People are usually motivated to act because they want something. Maybe they want money, to be part of an exclusive group, to better themselves, to enhance their social status, to create future opportunities, or some combination. Last week we explored some core psychological needs around motivation, and this week we'll cover rewards.
We're using the term "reward" very broadly: here, it's defined as anything that makes a behavior more probable. It can make someone act because they might get it, or it can encourage repeated behavior when it occurs with or after the behavior.
Why we’re covering this
- There are countless examples of reward systems motivating us to do the complete opposite of what they intend. Careless reward design is everywhere; we want you to make the right choices when trying to motivate others (or yourself).
- We bet you already know something about rewards (just like you might have with SDT), so our focus will be on seeing new examples, questioning old assumptions, exploring effective case studies, and finding ways to make the insights actionable.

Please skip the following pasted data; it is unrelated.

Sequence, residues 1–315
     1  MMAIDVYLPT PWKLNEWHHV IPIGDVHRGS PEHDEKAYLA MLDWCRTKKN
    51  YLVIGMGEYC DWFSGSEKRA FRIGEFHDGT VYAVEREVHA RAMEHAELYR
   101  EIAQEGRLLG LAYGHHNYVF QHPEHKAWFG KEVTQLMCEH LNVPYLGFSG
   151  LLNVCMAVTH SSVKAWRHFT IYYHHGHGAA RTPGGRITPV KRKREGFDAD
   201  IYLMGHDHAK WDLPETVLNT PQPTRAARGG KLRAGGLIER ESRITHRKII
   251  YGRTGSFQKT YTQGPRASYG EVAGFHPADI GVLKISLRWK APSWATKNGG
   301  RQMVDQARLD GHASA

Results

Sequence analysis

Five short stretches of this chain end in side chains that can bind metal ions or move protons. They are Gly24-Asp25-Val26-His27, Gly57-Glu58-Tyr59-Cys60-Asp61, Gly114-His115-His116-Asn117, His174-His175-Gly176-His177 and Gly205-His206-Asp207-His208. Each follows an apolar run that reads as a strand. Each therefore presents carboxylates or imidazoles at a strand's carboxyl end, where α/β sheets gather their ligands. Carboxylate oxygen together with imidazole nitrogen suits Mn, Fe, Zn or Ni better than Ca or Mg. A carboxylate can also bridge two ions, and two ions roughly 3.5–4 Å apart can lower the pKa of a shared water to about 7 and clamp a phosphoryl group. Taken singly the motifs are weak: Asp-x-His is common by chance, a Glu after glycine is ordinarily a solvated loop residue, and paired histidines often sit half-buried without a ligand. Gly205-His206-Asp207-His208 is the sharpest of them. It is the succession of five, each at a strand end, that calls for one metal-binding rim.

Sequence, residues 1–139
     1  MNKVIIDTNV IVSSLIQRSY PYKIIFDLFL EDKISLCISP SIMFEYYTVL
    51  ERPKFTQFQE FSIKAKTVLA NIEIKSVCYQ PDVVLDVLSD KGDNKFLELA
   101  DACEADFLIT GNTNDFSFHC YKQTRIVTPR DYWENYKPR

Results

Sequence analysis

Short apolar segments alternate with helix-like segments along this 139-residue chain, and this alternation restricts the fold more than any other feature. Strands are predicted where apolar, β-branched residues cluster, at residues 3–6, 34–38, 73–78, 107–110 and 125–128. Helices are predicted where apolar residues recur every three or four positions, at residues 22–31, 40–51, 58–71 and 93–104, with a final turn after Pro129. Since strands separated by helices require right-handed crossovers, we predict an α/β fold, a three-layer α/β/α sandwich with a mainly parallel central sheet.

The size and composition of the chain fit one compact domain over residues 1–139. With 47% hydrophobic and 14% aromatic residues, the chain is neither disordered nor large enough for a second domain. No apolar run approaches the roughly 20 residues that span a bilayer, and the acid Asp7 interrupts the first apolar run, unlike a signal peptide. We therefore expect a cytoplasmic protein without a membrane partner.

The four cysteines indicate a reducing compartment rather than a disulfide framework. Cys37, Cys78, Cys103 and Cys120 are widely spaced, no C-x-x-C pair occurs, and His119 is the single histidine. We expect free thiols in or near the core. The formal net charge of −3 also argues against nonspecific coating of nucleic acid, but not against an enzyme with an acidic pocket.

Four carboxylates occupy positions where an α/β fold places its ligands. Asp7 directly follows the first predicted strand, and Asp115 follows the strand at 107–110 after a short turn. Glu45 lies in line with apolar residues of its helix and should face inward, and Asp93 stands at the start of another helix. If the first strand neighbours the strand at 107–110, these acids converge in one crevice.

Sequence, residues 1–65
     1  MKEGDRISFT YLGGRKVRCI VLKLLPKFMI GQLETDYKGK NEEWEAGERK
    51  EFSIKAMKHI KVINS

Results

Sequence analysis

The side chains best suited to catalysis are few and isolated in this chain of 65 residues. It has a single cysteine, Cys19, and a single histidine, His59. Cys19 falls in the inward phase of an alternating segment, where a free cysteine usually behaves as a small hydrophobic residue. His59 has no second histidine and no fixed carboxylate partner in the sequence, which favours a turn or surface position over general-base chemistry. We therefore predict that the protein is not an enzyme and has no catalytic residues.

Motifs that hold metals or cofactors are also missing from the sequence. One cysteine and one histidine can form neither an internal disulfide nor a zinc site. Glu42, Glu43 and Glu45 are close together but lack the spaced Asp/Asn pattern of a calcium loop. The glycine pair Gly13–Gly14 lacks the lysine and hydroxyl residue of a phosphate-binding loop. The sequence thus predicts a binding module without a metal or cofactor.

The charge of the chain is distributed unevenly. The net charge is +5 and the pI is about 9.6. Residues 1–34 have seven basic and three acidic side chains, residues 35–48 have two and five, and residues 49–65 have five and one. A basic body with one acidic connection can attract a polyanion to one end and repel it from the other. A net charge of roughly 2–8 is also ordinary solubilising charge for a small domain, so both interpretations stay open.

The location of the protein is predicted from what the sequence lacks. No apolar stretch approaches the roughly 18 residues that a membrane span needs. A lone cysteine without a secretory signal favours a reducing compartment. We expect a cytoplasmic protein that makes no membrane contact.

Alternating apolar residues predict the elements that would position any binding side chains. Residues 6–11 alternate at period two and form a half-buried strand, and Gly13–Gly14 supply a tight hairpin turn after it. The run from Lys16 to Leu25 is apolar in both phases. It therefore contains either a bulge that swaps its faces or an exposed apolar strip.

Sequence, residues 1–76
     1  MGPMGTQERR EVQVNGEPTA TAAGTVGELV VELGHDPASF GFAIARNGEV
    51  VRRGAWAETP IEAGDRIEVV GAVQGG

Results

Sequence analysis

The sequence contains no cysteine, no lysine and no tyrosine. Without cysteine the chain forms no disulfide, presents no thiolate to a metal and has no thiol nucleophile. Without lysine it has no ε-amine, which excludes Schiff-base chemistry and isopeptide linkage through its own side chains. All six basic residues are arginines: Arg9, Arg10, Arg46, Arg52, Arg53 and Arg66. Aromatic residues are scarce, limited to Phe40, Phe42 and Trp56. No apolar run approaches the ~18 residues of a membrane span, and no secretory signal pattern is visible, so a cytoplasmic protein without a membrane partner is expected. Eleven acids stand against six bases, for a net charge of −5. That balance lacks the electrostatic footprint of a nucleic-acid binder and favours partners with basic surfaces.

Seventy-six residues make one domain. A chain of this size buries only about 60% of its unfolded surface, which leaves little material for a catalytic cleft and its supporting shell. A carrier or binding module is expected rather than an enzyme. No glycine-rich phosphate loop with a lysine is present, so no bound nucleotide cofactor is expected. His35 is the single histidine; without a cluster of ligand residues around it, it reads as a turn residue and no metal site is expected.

- People and organizations often gravitate to a single reward type or philosophy. Motivation and the behaviors required to cause significant outcomes can change over time, so it's important to have a varied arsenal and design a reward system that's robust to changes in skill, novelty, difficulty, and other factors.
Our spin on it
- While some people think extrinsic motivation is always bad, it's not so simple. We'll cover both when external motivators indeed risk reducing our internal motivation, but also when they can enhance it (or drive a behavior the first time, until motivation from competence or other intrinsic sources can kick in).
- Good reward design can be incredibly impactful, especially with multiple types of rewards that change situationally or over time. We’ll get specific about what rewards match what behavior contexts, so you can pick the right tools for the job.
- We don't oversimplify rewards or demonize any one type of reward or category of motivation. We want you to focus on the alignment: are behaviors, rewards, and their associated frequencies lined up, or out of sync?
We want you to come away from this week's experiences with a deeper understanding of rewards: which ones to use, when, and with what risks. Ready to get started?